Kristie said...

An online acquaintance wrote me a while back, very upset that her 80-something year old grandfather wasn't responding well to some kind of treatment (kidney, heart disease ... not sure ...) My friend was begging everyone to pray for his recovery. I'm sure I sounded heartless as well, but I said to Blaine, "We're all going to die at some point ... doesn't it seem a little desperate to think an 80-something year old person should bounce back, good as new?" I don't know .... I think your sister is right and its relative. But personally, I'd rather die after 77 rich, fulfilling years, than live to be 100 and never do or see anything.

Leeann said...

I agree with you that 77 is a full life. Of course, more years would be great but IMO that is pretty darn good. Of course, now that my Dad is 74, writing these words brings a great deal of sadness to me. We spent Christmas with him here visiting and I was sure to take not only pictures but video tape. I wanted to make sure I have a record of his voice, so I can listen to it whenever I want. :*-(

Anonymous said...

Interesting! Of course it all depends on the quality of life - I'm not sure in this economy if anyone can afford to live much past 77 (insert smiley face here) mh

Jordyn said...

My life experience...

My brother died at 22 y/o (cancer)

My second brother died at 23 y/o (14 months after first brother and also due to cancer)

BIL at 20 due to drunk driver

Good friend's baby 11days old due to being premature

3 weeks after that funeral another friend lost her baby at 20 months due to a very rare genetic disorder.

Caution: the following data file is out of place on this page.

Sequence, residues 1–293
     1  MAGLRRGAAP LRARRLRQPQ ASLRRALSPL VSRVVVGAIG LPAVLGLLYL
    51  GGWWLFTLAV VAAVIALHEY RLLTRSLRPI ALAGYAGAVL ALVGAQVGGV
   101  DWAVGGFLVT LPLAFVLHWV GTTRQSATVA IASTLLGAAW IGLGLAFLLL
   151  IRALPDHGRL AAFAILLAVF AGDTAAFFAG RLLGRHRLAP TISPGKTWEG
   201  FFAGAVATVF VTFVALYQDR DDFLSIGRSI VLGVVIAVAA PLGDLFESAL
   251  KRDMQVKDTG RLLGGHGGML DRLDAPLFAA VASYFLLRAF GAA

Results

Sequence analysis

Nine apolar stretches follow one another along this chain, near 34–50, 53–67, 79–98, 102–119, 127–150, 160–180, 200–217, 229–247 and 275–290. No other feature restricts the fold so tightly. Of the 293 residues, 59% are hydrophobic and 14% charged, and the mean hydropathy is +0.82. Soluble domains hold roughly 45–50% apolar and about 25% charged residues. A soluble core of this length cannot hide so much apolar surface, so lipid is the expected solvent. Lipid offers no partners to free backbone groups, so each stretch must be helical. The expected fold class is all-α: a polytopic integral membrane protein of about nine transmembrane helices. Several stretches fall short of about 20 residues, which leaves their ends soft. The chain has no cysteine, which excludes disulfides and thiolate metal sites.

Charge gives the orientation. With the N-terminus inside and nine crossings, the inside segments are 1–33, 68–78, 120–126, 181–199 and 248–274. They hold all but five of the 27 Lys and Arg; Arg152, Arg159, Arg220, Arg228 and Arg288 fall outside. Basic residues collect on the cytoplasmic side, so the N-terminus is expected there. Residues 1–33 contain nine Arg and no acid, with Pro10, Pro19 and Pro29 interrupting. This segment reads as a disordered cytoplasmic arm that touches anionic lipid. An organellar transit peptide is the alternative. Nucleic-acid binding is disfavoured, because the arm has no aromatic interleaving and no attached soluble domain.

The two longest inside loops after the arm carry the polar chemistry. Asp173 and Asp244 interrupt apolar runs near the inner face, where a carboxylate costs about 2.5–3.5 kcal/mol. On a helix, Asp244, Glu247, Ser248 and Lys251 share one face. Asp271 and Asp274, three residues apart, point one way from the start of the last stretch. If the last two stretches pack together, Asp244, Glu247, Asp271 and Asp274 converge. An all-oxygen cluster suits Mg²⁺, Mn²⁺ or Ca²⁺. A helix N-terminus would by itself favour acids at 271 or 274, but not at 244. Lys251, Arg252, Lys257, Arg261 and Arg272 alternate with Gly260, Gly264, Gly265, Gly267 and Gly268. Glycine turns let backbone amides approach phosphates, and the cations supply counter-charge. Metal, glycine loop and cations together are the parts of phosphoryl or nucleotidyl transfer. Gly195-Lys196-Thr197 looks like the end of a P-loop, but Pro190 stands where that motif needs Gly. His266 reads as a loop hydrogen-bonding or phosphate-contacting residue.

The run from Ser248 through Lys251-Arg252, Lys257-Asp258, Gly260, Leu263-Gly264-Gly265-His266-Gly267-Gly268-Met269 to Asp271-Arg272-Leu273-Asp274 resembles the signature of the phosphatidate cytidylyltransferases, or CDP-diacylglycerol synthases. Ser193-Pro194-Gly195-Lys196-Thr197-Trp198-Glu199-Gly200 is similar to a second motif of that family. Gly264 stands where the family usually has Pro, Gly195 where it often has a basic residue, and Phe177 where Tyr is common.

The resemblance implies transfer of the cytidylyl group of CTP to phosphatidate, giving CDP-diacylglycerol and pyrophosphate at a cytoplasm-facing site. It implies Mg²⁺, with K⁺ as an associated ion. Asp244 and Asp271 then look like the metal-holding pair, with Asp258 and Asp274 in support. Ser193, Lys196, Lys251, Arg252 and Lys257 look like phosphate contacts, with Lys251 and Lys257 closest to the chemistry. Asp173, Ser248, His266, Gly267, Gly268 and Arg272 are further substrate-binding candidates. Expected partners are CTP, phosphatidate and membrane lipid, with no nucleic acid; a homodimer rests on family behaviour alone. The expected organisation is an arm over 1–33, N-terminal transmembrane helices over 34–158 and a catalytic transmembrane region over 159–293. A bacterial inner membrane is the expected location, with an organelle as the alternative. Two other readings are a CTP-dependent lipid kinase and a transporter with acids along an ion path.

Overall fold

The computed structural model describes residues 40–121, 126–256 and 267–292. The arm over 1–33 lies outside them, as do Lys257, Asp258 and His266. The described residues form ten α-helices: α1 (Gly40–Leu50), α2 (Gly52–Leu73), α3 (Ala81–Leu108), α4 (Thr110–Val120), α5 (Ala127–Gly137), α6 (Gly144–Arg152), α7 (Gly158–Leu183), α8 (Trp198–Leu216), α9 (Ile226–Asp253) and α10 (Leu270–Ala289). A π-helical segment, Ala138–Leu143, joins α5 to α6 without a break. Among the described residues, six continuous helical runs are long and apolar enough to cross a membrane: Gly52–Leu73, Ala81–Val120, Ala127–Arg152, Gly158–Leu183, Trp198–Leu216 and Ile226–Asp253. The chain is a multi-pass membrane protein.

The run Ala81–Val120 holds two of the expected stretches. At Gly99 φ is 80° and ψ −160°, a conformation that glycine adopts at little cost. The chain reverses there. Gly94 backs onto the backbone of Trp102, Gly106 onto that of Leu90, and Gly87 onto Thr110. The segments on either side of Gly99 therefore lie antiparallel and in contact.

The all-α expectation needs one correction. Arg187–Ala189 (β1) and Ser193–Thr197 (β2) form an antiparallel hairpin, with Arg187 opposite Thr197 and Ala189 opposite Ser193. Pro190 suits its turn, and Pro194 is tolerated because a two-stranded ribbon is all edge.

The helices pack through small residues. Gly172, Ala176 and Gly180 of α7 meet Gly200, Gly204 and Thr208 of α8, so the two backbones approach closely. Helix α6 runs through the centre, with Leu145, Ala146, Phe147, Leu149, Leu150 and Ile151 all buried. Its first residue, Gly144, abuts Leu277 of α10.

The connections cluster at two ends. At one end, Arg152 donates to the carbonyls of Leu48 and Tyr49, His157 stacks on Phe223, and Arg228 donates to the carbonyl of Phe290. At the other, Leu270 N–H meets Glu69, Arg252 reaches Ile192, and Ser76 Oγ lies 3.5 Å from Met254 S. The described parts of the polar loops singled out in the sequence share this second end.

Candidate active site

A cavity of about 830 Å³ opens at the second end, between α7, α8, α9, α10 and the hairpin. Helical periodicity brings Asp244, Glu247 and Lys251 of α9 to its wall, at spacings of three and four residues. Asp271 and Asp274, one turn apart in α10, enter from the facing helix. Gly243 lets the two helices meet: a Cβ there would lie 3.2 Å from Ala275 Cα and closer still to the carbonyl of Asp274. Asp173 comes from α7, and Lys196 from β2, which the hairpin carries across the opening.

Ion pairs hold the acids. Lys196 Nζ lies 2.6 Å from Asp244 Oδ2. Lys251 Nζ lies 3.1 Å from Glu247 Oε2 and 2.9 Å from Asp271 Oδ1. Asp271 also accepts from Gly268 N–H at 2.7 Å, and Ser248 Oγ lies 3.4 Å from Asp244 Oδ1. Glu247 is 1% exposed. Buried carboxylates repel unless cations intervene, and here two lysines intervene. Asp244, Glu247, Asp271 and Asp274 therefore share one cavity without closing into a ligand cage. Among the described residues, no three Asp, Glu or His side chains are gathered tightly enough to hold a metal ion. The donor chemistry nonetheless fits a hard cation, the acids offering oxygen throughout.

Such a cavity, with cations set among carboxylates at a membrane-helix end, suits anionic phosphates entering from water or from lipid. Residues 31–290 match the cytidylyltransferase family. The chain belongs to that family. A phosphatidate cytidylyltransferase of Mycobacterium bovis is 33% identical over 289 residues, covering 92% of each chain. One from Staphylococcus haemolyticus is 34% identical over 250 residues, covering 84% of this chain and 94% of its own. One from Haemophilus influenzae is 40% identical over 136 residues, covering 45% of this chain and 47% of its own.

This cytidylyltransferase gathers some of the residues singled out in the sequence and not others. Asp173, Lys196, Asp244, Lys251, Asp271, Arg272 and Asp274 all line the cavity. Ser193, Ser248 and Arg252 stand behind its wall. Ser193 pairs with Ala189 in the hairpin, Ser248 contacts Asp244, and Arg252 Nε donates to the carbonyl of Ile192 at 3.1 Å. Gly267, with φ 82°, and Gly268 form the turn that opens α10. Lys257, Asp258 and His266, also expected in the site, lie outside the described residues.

77 years old may be young but it is long enough to be celebrated as well as mourned.

Anonymous said...

Funny I was just thinking about that today after a converstion with my neighbour about her ailing parents. I personally want to live ony as long as I can be independant. I don't want to be some dottering old lady in a nursing home that has to have the drool cleaned off my face or my backside cleaned for me.

I think young when refering to the dying should only apply to those who are less than 60 - after that you are not so young. Maybe I will change my mind when I hit 60 but it seems to me by then I will have had a good chance at life and will have lived to see my children grown (I hope).

Mom2Toribug said...

I am ready to go when the good Lord gets ready for me, but I don't want to go today. I am 35. 77does seem like a really long good life. I think no matter what age you are, live life to the fullest. At the end of my life I want to be able to say I enjoyed every minute of it. No regrets!! Today is a gift.
Wendy

Michele said...

Lisa G shared your blog with me...your post is pitch perfect and I agree with your wise words. Each day is precious and while perhaps it's all relative, 77 seems like a blessing.